May
06

“Along the sword’s edge” by Mary Stein

Many years ago, I read an essay written by an artist who had worked in the theater. In his writing he pictured a brief, dramatic moment: two generals, leaders of opposing forces yet magnetized by some deep mutual sympathy, are advancing toward each other along the edge of a sword. This vision of the meeting of opposites, the joining of the seemingly irreconcilable, stayed with me and may have been one of the many impressions that eventually led me to aikido.

That early impression found some company recently when I saw a film that showed a group of young Canadian ballet dancers being taught flamenco by two visiting Spaniards. The talented young northerners took to the fiery flamenco moves with enthusiasm and rapidly growing skill, and soon each of the dancers was able to inhabit fully the warrior-like flamenco posture of intense pride, individuality, and self-respect. At the same time, they moved fluidly with each other, connected by deep attention and sensitivity to their own bodies and those of their companions. Once again, there was this paradox of the joining of opposites.

What the dancers were doing seemed not unlike what we try on the mat, where opposing forces also join with strength and intensity within the demanding rhythms of a form. I was reminded that genuine relationship is not limited to any given set of presuppositions and expectations. Though I sometimes think of friendship and reconciliation as dwelling among the milder and gentler phenomena, that may be a limited perspective. In the determined, whole-hearted challenges we give and get in aikido, in the sheer attentiveness that is needed, in our wish that each of us give our best, we may be learning something about true relationship as a dance of opposites that is not without risk.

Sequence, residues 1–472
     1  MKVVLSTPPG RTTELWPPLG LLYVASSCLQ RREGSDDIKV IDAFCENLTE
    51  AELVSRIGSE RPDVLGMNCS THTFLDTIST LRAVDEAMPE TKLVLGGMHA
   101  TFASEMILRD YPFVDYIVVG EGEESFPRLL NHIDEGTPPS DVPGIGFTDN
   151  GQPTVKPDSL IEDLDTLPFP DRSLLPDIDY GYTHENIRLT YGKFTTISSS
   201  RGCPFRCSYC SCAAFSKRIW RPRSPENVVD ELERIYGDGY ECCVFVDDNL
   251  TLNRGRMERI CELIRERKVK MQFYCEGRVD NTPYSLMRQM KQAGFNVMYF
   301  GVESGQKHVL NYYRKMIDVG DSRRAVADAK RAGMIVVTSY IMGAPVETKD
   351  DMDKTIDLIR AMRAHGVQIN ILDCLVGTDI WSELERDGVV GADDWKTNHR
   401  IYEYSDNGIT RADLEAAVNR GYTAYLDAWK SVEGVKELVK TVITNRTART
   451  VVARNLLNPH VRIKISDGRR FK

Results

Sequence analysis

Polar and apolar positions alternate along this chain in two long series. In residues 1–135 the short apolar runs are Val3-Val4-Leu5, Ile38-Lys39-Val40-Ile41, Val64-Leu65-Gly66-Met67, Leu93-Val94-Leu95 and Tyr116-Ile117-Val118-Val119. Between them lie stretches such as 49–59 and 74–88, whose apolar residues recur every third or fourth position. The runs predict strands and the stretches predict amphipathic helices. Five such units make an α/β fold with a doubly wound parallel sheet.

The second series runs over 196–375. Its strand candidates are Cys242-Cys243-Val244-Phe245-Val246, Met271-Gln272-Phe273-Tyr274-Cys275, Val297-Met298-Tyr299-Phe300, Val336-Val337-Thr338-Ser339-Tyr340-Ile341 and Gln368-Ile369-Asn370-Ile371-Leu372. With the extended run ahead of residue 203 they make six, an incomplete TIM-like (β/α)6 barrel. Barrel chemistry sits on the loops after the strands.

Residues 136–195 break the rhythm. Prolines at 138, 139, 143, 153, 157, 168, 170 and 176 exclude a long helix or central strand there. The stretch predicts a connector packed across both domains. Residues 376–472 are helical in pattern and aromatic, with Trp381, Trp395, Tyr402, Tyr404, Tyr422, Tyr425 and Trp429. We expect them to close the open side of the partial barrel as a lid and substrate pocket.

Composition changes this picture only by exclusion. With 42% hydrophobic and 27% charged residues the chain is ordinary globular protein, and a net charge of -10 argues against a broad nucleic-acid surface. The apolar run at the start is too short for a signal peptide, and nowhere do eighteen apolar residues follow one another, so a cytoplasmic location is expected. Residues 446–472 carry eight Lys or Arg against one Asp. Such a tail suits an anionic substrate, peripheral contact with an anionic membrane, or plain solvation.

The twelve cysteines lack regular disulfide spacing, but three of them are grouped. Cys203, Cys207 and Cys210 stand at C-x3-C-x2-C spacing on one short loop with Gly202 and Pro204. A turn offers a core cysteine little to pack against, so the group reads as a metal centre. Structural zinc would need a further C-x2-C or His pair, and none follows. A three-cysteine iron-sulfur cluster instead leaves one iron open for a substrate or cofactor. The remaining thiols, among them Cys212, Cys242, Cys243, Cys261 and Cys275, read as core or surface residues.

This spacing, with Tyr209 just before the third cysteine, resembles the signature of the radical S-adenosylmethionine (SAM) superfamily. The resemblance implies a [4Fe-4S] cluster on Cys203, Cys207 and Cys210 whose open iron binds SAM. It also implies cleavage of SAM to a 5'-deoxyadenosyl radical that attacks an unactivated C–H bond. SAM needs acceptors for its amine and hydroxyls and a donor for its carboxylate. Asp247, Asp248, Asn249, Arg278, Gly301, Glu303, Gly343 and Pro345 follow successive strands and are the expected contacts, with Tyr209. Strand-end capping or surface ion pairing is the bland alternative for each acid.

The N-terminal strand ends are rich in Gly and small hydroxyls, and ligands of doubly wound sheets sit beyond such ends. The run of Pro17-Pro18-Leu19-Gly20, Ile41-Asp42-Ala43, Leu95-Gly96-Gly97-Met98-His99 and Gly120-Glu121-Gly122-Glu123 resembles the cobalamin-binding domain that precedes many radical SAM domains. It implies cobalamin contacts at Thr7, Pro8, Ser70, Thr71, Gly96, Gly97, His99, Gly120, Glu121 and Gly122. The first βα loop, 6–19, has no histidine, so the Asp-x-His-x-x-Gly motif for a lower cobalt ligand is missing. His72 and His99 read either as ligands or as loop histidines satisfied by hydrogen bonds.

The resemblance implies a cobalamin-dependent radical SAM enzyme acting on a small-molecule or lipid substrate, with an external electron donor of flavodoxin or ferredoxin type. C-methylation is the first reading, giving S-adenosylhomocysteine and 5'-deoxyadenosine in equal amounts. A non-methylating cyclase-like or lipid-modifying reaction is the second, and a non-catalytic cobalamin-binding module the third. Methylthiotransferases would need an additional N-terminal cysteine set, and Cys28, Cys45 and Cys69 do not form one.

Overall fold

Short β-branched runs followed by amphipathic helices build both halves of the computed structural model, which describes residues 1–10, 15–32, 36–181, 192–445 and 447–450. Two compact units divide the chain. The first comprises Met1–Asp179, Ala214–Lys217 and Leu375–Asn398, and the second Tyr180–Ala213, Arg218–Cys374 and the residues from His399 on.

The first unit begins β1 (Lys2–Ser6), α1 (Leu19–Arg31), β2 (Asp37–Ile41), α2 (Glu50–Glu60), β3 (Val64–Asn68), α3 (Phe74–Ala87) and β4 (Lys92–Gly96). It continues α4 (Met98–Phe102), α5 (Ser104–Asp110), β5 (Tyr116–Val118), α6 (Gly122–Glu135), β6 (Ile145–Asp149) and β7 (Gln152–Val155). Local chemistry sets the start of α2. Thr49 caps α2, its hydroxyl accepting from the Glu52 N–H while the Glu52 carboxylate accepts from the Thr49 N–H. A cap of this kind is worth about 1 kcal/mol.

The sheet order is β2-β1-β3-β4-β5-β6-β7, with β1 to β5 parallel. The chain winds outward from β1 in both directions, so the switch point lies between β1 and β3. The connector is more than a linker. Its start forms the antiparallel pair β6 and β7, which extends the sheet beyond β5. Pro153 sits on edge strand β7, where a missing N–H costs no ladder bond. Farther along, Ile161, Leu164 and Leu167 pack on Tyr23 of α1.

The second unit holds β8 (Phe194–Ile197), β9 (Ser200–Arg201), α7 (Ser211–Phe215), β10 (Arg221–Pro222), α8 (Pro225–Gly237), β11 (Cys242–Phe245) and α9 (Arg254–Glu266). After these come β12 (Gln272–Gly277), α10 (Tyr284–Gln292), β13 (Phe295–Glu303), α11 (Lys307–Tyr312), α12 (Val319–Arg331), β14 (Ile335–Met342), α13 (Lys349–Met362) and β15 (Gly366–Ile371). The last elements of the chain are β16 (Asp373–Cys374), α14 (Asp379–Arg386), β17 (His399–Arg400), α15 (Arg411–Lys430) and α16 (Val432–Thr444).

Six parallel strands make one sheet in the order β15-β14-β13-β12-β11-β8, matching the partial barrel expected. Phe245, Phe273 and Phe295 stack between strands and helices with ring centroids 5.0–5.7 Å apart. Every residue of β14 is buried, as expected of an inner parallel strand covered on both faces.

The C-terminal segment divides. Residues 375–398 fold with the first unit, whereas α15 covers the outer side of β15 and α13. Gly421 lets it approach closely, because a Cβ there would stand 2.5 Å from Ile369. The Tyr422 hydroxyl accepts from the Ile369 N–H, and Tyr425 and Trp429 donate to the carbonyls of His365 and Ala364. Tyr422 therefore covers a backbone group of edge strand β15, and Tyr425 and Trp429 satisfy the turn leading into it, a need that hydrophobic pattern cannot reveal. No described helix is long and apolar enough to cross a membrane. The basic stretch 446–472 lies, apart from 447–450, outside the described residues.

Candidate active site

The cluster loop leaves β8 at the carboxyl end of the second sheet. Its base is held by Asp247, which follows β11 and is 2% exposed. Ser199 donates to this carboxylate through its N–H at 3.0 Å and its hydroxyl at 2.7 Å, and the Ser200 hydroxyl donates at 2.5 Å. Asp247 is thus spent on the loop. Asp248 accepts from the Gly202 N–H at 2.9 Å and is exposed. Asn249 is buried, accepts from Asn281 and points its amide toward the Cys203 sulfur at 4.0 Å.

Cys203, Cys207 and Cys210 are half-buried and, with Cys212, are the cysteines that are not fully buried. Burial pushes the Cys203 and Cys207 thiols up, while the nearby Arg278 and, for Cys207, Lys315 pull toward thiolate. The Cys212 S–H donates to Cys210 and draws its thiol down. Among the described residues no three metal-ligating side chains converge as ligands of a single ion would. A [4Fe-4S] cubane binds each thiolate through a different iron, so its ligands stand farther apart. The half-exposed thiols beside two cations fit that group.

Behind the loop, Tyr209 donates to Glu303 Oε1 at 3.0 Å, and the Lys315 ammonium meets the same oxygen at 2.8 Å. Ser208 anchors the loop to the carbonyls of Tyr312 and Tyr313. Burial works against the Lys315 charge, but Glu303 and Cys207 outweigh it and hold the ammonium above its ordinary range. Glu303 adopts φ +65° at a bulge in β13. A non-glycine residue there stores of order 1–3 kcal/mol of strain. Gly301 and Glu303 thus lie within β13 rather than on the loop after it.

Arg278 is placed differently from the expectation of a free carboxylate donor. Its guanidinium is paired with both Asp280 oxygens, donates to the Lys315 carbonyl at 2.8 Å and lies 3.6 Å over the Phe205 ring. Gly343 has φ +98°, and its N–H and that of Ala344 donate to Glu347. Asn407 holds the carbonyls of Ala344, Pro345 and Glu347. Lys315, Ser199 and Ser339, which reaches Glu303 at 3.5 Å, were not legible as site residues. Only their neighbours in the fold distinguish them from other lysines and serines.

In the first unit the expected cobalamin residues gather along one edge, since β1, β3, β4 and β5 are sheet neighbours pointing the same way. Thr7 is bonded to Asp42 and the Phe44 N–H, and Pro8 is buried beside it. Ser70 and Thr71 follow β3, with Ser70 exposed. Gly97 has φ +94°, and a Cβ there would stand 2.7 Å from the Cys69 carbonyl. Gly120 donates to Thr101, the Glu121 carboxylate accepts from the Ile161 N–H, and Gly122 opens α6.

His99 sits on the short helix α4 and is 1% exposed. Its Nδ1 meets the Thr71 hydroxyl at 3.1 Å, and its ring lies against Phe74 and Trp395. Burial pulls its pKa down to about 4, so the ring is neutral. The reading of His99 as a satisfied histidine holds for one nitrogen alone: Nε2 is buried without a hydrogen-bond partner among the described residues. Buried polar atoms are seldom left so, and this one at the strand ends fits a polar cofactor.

Mary Stein practices aikido at Suginami Aikikai in San Francisco. Her book The Gift of Danger will be published in August by North Atlantic Books.

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Comments

  1. …”Le Grand Cirque” is a story of WWII fighter aviation. Autobiographical. In the last chapter Eisenhower had halted the western armies. The British squadron and its French commander were then based at Rhine-Main. One morning a squadron of Me262 jets flies in and lands on their old home field. Later their officers’ mess supplies arrive in a Ju52. They preferred to surrender to the Brits than the Russians. Over the next few days both sides’ pilots came to agree that the real war crime was painting insignia on planes and ordering pilots to shoot at the wrong ones.

    Warrior spirit is warrior spirit. Choreography has a virtue of its own.